I would like to thank all the subcommittee members on this panel for offering the group I am here to represent, 31 Combat Brigade Veterans Well Being Network, an opportunity to present to you here today.
When the original new veterans act legislation was brought into law, it had all-party support and the blessing of the Royal Canadian Legion. I raise this point simply to draw attention to the whole issue itself. It is vital that this subcommittee find a way to look past the upcoming election in October 2015 and treat this issue as a national issue, and beyond simply a party issue.
The men and women of the Canadian Armed Forces proudly wear a Canadian flag on their uniform, and its incredibly disheartening to many when they see needs of veterans and their families unnecessarily politicized and positive changes held up for purposes other than what is required to uphold the dignity and respect that our veterans have rightfully earned.
A transitioning is happening with the demographics of veterans around our country. The traditional image of the last generation was an elder veteran from either the World War II era or the Korean War. These veterans served with great distinction in our country and our country recognized their service unequivocally. A transition is now happening amongst the citizens of this country where the image of a young veteran is now being recognized, and unlike the greatest generation before, this image is not fully understood and there are social issues now surrounding it that are a source of mental health issues confronting both veterans and active serving members of the Canadian Armed Forces.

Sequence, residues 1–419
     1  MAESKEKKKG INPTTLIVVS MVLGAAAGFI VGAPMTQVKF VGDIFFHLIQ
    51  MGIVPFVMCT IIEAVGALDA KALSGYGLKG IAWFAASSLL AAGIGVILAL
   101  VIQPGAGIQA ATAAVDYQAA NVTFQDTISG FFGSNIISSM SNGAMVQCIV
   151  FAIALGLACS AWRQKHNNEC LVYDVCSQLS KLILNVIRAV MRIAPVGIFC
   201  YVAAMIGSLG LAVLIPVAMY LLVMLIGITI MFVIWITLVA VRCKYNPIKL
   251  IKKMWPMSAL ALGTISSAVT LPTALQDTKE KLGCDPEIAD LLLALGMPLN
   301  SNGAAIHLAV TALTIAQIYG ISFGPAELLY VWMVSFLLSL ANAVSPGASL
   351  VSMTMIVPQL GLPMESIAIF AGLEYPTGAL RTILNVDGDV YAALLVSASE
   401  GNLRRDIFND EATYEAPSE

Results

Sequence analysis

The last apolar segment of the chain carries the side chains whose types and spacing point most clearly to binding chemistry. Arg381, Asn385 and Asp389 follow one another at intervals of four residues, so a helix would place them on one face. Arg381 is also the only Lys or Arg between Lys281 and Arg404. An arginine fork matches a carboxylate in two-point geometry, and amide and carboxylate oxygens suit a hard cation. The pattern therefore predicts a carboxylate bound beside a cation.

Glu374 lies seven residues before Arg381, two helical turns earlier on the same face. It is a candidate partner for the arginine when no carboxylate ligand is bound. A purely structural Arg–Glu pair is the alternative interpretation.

The sacrifices made on behalf of this nation over the past generation have not been felt or borne by the general population and this has led to a serious disconnect between what we have asked of our soldiers, sailors, and airmen, and the true cost that results from being recognized as a major international nation on the world stage.
Federal dollars expended by itself will not solve the primary issues that have been the result of the Canadian Forces being deployed almost without respite for over a generation now.